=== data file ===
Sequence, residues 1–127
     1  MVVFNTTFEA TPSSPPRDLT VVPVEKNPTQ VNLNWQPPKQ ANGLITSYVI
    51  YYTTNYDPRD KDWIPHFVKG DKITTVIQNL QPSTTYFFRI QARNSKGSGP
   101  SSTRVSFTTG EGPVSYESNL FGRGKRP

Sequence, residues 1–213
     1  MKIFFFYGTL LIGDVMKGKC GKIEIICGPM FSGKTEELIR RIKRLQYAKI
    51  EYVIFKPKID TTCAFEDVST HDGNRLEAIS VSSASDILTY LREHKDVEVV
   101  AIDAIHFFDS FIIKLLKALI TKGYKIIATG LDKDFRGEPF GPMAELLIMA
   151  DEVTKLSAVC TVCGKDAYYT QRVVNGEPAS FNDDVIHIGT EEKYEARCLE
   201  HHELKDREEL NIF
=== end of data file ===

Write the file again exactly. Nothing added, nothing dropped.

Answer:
Sequence, residues 1–127
     1  MVVFNTTFEA TPSSPPRDLT VVPVEKNPTQ VNLNWQPPKQ ANGLITSYVI
    51  YYTTNYDPRD KDWIPHFVKG DKITTVIQNL QPSTTYFFRI QARNSKGSGP
   101  SSTRVSFTTG EGPVSYESNL FGRGKRP

Sequence, residues 1–213
     1  MKIFFFYGTL LIGDVMKGKC GKIEIICGPM FSGKTEELIR RIKRLQYAKI
    51  EYVIFKPKID TTCAFEDVST HDGNRLEAIS VSSASDILTY LREHKDVEVV
   101  AIDAIHFFDS FIIKLLKALI TKGYKIIATG LDKDFRGEPF GPMAELLIMA
   151  DEVTKLSAVC TVCGKDAYYT QRVVNGEPAS FNDDVIHIGT EEKYEARCLE
   201  HHELKDREEL NIF